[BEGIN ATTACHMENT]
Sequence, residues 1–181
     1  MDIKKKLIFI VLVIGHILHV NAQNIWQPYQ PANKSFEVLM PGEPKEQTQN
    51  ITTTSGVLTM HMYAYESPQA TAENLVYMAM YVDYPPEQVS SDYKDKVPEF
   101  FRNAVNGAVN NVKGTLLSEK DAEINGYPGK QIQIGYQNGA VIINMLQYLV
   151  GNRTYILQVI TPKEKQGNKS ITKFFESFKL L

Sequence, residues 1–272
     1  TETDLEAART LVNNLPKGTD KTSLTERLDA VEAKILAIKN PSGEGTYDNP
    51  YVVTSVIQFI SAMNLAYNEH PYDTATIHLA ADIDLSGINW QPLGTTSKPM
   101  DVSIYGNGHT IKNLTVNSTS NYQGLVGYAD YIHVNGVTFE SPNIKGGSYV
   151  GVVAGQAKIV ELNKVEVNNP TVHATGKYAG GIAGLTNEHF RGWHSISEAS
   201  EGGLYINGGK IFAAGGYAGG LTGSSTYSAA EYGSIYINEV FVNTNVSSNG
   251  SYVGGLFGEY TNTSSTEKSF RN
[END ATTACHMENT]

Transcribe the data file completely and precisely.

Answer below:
Sequence, residues 1–181
     1  MDIKKKLIFI VLVIGHILHV NAQNIWQPYQ PANKSFEVLM PGEPKEQTQN
    51  ITTTSGVLTM HMYAYESPQA TAENLVYMAM YVDYPPEQVS SDYKDKVPEF
   101  FRNAVNGAVN NVKGTLLSEK DAEINGYPGK QIQIGYQNGA VIINMLQYLV
   151  GNRTYILQVI TPKEKQGNKS ITKFFESFKL L

Sequence, residues 1–272
     1  TETDLEAART LVNNLPKGTD KTSLTERLDA VEAKILAIKN PSGEGTYDNP
    51  YVVTSVIQFI SAMNLAYNEH PYDTATIHLA ADIDLSGINW QPLGTTSKPM
   101  DVSIYGNGHT IKNLTVNSTS NYQGLVGYAD YIHVNGVTFE SPNIKGGSYV
   151  GVVAGQAKIV ELNKVEVNNP TVHATGKYAG GIAGLTNEHF RGWHSISEAS
   201  EGGLYINGGK IFAAGGYAGG LTGSSTYSAA EYGSIYINEV FVNTNVSSNG
   251  SYVGGLFGEY TNTSSTEKSF RN